Abstract: We study dynamic selection of governments under different political institutions, with a special focus on institutional “flexibilityâ€. A government consists of a subset of the individuals in the society. The competence level of the government in office determines collective utilities (e.g., by determining the amount and quality of public goods), and each individual derives additional utility from being part of the government (e.g., corruption or rents from holding office). We characterize dynamic evolution of governments and determine the structure of stable governments, which arise and persist in equilibrium. Perfect democracy, where current members of the government do not have an incumbency advantage or special powers, always leads to the emergence of the most competent government. However, any deviation from perfect democracy destroys this result. There is always at least one other, less competent government that is also stable and can persist forever, and even the least competent government can persist forever in office. Moreover, a greater degree of democracy may lead to worse governments. In contrast, in the presence of stochastic shocks or changes in the environment, greater democracy corresponds to greater flexibility and increases the probability that high competence governments will come to power. This result suggests that a particular advantage of democratic regimes may be their greater adaptability to changes rather than their performance under given conditions. Finally, we show that, in the presence of stochastic shocks, “royalty-like†dictatorships may be more successful than “junta-like†dictatorships, because they might also be more adaptable to change.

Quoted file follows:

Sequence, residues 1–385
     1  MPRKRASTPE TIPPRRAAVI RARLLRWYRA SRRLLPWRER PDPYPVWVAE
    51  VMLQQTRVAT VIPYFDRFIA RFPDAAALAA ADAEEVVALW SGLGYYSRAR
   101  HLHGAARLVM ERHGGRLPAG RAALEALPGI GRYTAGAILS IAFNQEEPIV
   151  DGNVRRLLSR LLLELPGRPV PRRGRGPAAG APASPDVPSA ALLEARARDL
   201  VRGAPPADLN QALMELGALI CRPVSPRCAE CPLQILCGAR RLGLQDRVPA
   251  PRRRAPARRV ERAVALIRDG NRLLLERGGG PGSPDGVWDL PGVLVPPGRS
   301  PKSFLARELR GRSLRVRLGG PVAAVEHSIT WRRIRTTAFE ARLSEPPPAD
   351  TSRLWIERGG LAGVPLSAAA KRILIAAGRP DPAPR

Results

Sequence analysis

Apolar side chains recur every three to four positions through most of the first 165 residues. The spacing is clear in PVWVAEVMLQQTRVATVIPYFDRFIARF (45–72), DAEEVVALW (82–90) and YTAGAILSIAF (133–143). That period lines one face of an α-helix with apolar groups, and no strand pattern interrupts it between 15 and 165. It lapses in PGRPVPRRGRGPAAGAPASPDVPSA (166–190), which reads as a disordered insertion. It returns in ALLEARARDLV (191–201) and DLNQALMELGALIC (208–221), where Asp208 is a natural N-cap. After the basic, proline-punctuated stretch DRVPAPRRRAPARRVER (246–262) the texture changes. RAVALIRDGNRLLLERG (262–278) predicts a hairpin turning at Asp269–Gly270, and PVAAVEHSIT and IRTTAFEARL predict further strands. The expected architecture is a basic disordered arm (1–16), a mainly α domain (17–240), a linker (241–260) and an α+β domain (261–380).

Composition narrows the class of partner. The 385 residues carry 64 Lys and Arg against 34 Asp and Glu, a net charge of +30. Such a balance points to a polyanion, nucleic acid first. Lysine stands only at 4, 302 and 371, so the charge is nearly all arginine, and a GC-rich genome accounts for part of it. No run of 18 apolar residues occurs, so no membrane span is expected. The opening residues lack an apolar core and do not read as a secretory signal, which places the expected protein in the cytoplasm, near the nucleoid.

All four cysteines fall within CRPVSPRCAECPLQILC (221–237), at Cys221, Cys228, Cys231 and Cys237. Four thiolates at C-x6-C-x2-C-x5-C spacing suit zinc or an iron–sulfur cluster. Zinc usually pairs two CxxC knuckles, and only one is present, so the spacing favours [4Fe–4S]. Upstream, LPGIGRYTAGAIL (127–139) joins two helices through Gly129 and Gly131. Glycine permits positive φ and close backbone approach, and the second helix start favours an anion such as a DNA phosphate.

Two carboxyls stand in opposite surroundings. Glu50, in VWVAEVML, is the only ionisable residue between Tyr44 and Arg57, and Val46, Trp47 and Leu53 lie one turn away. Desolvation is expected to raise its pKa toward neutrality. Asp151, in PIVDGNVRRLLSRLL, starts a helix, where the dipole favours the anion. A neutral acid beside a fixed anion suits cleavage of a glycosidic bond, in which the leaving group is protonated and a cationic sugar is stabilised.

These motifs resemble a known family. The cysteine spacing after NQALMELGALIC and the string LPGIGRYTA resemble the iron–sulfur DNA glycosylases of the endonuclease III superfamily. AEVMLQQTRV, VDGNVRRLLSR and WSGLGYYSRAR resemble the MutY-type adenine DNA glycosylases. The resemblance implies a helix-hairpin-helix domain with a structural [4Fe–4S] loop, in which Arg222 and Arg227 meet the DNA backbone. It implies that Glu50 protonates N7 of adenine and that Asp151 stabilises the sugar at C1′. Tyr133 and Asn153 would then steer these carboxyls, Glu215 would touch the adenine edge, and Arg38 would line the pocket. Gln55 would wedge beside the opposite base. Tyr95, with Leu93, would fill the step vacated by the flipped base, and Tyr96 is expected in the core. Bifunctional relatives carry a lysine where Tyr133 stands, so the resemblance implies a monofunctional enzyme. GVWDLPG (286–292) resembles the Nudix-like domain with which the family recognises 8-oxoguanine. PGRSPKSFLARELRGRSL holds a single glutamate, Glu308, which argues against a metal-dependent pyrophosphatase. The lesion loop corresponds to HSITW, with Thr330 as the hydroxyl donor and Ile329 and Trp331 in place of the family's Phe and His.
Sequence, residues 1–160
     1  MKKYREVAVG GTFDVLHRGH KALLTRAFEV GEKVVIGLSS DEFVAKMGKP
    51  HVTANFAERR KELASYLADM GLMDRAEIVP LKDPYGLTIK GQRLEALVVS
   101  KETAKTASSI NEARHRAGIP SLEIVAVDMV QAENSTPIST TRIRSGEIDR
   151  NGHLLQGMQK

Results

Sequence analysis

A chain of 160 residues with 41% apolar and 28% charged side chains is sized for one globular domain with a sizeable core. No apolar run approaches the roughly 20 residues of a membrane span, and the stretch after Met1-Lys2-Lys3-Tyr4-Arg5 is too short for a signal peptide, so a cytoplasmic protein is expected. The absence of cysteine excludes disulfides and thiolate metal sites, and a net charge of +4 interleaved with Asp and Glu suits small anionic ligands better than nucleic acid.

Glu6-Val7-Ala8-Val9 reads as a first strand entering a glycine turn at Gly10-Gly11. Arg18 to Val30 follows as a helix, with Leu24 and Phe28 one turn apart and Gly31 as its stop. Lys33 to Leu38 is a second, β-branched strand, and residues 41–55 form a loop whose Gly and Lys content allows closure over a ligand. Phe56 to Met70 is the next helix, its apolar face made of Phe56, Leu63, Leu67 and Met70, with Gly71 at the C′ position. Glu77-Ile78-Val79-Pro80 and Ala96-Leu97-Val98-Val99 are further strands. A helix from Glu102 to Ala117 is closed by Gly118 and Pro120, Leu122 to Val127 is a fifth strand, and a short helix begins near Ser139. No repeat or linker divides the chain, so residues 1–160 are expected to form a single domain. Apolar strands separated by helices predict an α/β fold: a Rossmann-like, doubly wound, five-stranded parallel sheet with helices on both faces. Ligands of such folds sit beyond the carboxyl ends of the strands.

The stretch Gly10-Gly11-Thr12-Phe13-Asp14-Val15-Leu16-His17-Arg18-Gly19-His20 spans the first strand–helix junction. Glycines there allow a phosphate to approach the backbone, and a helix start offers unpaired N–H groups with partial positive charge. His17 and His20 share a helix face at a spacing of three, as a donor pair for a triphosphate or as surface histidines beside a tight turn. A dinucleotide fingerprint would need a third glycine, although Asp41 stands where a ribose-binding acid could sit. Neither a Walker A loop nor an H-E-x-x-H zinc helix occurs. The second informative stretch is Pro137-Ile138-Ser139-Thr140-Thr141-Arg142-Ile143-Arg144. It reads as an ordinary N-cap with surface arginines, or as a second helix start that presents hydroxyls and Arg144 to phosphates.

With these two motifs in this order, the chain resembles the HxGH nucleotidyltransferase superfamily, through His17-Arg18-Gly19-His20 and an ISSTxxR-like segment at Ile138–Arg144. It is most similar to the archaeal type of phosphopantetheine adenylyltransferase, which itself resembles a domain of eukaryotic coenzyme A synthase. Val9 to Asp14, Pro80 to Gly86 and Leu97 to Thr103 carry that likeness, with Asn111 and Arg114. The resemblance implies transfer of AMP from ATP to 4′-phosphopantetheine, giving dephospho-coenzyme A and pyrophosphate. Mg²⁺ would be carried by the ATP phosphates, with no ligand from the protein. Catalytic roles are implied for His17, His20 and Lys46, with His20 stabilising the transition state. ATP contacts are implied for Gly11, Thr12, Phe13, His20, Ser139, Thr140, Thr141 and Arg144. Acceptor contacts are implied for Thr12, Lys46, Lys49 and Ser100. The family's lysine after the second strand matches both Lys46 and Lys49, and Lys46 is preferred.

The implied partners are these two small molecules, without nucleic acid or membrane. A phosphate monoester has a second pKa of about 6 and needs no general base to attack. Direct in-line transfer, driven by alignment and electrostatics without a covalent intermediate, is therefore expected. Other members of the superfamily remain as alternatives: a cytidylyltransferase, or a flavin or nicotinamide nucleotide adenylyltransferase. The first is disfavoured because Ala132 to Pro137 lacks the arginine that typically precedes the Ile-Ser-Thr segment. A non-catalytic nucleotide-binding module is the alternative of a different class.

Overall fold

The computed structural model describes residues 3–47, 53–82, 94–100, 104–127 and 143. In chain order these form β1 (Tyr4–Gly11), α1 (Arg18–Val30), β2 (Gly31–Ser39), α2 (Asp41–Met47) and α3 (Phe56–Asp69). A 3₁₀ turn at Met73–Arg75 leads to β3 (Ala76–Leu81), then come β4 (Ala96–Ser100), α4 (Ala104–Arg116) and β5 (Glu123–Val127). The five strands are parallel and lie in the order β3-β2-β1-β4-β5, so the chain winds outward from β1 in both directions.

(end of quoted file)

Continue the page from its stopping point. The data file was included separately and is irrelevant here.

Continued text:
JEL: C71 D71 D74
    Date: 2009–08
  4. By: Jon H. Fiva (University of Oslo); Gisle James Natvik (Norges Bank (Central Bank of Norway))
    Abstract: We identify exogenous variation in incumbent policymakers' re-election probabilities and explore empirically how this variation affects the incumbents' investment in physical capital. Our results indicate that a higher re-election probability leads to higher investments, particularly in the purposes preferred more strongly by the incumbents. This aligns with a theoretical framework where political parties disagree about which public goods to produce using labor and predetermined public capital. Key for the consistency between data and theory is to account for complementarity between physical capital and flow variables in government production.
    Keywords: Political economics, Strategic capital accumulation, Identifying popularity shocks
    JEL: E62 H40 H72
    Date: 2009–08–11
  5. By: David Albouy
    Abstract: In a two-party legislature, districts represented by the majority party may receive greater spending if legislators in the majority have greater proposal power or disproportionately form coalitions with each other. The type of spending received may depend on the party-identity of its legislators if parties differ in ideology. Estimates from the United States -- using fixed-effect and regression-discontinuity designs -- indicate that states represented by members of Congress in the majority receive greater federal grants, especially in transportation. States represented by Republicans receive more defense spending than those represented by Democrats; the latter receive more spending for education and urban development.